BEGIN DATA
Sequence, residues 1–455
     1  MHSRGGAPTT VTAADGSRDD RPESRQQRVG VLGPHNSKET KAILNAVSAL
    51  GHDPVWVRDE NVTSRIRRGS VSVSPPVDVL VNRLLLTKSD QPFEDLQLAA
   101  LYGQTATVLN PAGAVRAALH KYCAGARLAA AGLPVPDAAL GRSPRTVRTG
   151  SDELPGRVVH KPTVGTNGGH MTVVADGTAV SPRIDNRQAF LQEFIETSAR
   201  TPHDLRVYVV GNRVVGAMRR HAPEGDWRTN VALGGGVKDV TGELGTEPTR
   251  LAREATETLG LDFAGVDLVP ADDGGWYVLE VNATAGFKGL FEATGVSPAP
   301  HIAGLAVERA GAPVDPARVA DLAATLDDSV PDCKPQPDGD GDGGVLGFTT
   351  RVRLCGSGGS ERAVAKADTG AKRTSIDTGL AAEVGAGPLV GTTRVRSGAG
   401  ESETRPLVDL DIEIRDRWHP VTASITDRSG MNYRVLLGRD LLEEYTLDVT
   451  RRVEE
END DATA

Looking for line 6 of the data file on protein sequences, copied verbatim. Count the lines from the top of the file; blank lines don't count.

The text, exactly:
   201  TPHDLRVYVV GNRVVGAMRR HAPEGDWRTN VALGGGVKDV TGELGTEPTR